Why Error Bars Matter

    I will be using a simple scenario to show why error bars matter: you hang a thermometer by the window and for three days in a row you measure the temperature at noon. The reading for all 3 days is 25 degrees. Are you justified to say that the noon temperature for all 3 days was the same, or that there was a constant trend? No.

    All measurement with instruments are imprecise, and therefore have an asssociated uncertainty. Let's say the uncertainty of your thermometer is 1 degree. Your results will be as such, with the cap indicating the uncertainty of the data points:



    This data could represent many possible situations.


    For example, the blue line where there was no change. Or the red line, where there was a decrease at a constant rate. Or the green line: an increase at a constant rate. Or the yellow line: an increase followed by a decrease. You get the idea. Assuming no other information about the temprature, the data allows for many such contradicting interpretations of trends, all which are unjustified.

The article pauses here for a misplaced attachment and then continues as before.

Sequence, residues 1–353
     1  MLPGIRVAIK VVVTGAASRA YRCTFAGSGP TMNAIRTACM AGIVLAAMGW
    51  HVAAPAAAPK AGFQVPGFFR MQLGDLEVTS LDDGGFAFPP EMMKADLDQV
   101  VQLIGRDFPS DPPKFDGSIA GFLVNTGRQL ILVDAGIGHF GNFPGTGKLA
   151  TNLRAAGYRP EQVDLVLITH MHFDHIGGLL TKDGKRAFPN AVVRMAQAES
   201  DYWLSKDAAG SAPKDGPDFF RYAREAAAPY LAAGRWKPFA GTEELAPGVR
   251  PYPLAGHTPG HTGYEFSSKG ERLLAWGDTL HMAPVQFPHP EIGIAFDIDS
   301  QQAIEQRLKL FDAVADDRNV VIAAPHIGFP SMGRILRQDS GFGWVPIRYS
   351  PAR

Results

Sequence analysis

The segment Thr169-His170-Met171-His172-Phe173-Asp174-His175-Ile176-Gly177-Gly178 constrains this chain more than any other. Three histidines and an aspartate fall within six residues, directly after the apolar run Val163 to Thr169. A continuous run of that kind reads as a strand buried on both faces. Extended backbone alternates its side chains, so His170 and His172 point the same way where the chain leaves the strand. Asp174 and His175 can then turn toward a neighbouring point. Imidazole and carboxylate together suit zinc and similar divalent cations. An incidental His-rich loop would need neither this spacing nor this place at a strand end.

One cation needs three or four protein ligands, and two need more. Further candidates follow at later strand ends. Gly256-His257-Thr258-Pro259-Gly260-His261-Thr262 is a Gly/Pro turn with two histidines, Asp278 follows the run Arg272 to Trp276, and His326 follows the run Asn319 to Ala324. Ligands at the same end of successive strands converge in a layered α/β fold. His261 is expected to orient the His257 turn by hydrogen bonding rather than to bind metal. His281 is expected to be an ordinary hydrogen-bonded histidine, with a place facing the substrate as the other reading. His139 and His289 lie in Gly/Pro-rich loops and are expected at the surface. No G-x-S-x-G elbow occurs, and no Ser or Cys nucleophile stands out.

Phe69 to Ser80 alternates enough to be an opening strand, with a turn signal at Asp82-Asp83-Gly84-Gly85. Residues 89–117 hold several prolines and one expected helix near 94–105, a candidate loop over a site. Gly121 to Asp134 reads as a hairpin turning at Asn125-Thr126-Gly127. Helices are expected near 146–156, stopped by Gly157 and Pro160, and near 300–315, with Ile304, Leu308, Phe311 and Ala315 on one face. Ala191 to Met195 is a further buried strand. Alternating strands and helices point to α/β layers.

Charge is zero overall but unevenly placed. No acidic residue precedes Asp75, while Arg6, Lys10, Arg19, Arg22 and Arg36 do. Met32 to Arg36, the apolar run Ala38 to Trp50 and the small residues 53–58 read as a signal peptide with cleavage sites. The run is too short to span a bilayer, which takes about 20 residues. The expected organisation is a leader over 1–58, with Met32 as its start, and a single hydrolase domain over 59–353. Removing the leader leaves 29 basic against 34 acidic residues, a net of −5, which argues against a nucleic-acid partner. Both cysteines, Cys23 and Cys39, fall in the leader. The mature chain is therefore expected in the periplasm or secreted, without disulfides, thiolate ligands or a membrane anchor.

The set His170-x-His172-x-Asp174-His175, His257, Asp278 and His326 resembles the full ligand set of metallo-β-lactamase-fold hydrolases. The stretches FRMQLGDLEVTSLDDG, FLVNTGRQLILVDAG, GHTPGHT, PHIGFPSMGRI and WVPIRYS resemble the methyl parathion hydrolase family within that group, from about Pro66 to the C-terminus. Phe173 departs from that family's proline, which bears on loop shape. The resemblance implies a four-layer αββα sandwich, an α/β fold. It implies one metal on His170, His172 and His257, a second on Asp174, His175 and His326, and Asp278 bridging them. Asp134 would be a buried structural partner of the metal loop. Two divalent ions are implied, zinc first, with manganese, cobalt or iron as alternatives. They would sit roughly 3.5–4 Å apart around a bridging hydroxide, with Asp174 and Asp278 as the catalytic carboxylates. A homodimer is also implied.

So what are you justified in concluding? Assuming that there was no additional error (for example, you read the thermometer properly to prevent parallax error) you can say that the noon temperature remained between 26 and 24 degrees. You can say that the temperature difference from the first day to the third day must have been at most 2 degrees, and other things like that.

    If using the same thermometer to make another reading on the fourth day which registers 28 degrees (with an uncertainty of 1 degree), it is justified to say that the noon temperature of the fourth day was higher than the previous three days:



    It should be obvious why.
    Attached Files
    Last edited by Paprika; 01-31-2014, 01:03 PM.